thank you, worked for me too

@huggge
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@huggge huggge commented Feb 24, 2021

The only thing that helped me: https://p1ngouin.com/posts/how-to-manage-iptables-rules-with-ufw-and-docker

thank you, worked for me too

Note that the $INTERFACE variable must be replaced with the name of the primary host interface used by Docker (such as eth0 or eno1).

How do I find out what primary host interface Docker is using?

@art-dambrine
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@art-dambrine art-dambrine commented Mar 24, 2021

Is there any official/best practice/whatever approach to get pass this problem?

Another option, which is what I usually do, is bind exposed container ports to 127.0.0.1 (by default they're bound to any IP address - 0.0.0.0), which makes them inaccessible outside the local system. I then run a reverse proxy and route traffic to the containers in that way.

Worked like a charm in my case thank you ! Didn't think of it the first time I was facing this problem 👍
(I might have to go deeper for more complex cases but it suits my needs for now using a nginx reverse proxy)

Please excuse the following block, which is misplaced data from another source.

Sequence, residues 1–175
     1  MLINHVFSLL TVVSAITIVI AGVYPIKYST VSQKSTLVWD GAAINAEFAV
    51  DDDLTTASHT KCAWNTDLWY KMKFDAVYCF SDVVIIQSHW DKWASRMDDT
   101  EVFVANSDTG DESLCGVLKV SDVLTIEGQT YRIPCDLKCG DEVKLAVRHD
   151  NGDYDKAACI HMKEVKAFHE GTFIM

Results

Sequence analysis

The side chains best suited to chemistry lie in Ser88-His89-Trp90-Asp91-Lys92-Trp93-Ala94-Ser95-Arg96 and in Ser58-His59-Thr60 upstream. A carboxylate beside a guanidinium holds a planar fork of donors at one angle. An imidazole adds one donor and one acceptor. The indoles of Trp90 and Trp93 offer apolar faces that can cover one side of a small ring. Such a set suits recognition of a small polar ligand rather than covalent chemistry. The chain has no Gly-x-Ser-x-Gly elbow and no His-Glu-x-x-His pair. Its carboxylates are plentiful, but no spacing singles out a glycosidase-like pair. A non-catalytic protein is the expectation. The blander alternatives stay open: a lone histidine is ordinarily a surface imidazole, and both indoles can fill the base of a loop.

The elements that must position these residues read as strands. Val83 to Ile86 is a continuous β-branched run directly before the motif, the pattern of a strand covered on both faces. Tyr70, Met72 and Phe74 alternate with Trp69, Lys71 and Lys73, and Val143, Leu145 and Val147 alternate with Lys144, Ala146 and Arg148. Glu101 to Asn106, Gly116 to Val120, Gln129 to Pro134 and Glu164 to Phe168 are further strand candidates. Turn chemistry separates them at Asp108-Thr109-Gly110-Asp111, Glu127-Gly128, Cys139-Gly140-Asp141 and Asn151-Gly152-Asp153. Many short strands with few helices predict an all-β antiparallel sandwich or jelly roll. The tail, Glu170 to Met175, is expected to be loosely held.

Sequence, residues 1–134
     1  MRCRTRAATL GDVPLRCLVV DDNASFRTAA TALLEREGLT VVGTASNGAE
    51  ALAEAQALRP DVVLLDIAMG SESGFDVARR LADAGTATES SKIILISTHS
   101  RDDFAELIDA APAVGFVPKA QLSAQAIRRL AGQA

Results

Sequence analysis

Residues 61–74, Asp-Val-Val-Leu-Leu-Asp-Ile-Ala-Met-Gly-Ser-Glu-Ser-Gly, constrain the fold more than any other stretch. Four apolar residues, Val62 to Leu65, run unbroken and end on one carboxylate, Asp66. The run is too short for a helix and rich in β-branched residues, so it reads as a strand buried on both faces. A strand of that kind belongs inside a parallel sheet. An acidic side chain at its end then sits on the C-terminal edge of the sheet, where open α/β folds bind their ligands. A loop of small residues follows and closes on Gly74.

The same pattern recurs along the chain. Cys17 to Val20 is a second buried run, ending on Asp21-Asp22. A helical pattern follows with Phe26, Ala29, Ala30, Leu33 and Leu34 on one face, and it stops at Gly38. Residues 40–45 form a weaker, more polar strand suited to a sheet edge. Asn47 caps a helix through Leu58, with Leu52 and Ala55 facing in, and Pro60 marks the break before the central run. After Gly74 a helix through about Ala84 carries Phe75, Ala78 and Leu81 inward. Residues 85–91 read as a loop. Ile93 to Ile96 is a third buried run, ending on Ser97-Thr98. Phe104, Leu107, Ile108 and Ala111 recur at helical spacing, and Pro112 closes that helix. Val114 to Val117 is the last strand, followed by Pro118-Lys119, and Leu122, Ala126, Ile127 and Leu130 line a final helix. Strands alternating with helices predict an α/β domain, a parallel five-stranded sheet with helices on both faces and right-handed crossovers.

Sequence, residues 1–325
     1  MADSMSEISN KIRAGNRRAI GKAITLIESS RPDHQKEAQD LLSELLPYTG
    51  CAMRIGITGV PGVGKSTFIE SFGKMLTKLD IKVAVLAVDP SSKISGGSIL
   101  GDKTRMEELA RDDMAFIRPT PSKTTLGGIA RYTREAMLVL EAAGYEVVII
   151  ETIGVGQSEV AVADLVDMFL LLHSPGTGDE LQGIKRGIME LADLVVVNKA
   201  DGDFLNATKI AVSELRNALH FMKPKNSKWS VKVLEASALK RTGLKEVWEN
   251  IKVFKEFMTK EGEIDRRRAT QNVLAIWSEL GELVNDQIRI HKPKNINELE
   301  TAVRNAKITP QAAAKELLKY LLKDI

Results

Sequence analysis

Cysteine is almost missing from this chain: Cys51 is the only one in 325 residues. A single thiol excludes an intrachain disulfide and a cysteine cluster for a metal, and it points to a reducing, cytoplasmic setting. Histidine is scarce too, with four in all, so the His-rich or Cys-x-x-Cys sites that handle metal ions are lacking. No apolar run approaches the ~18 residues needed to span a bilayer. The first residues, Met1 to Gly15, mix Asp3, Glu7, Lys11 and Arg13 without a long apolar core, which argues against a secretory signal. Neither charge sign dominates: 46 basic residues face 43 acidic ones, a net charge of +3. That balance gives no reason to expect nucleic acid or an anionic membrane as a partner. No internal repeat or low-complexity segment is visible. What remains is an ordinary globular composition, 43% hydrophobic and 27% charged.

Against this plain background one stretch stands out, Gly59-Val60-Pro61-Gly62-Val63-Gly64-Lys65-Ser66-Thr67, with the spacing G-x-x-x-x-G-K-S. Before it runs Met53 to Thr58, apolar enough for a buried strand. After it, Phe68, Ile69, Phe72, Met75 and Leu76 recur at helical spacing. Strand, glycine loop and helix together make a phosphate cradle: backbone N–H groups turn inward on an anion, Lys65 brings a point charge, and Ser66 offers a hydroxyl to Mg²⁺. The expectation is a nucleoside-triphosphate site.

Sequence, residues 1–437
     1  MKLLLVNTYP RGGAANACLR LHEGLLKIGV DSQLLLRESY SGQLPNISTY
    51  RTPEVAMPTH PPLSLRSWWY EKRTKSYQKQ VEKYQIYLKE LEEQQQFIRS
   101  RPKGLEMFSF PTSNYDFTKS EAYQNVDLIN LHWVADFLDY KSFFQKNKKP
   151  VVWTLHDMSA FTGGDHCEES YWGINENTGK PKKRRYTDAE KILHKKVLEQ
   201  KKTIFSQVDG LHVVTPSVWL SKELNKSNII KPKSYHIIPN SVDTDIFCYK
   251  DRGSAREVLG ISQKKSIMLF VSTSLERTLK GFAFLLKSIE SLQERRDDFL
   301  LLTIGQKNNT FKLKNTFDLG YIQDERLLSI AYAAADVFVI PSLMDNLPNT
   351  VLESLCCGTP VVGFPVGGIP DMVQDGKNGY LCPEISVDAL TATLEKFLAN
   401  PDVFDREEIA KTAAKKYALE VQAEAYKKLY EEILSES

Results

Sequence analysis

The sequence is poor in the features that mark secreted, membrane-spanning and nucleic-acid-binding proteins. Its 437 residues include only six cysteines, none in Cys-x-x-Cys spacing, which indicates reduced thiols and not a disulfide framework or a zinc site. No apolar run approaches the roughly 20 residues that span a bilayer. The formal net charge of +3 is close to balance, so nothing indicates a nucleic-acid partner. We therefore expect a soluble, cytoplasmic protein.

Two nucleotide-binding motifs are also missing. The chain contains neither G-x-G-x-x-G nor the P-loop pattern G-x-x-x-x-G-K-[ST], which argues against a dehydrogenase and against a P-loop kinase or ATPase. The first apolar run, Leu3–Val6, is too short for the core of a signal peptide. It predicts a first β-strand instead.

@Gaulomatic
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@Gaulomatic Gaulomatic commented Mar 25, 2021

This issue will be addressed shortly after the Vulcans land in Bozeman, Montana.

@peterthehermit
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@peterthehermit peterthehermit commented Mar 26, 2021

This is ridiculous, get yer house in order docker.

@ninobaldo
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@ninobaldo ninobaldo commented Apr 1, 2021

After a long time I found the must simple way do to this. Just follow https://github.com/chaifeng/ufw-docker#solving-ufw-and-docker-issues

@Cryotize
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@Cryotize Cryotize commented Apr 10, 2021

Its been nearly 2 years now, any update on this?

@Gaulomatic
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@Gaulomatic Gaulomatic commented Apr 10, 2021

Docker gives a crap about this issue (among others). I switched over to Podman for everything I can. This might not be the a solution in all cases, but in production is most certainly is. Podman works quite well with firewalld, which is more flexible anyway. It took me a couple of days to work around the differences between Docker and Podman, but I don't look back.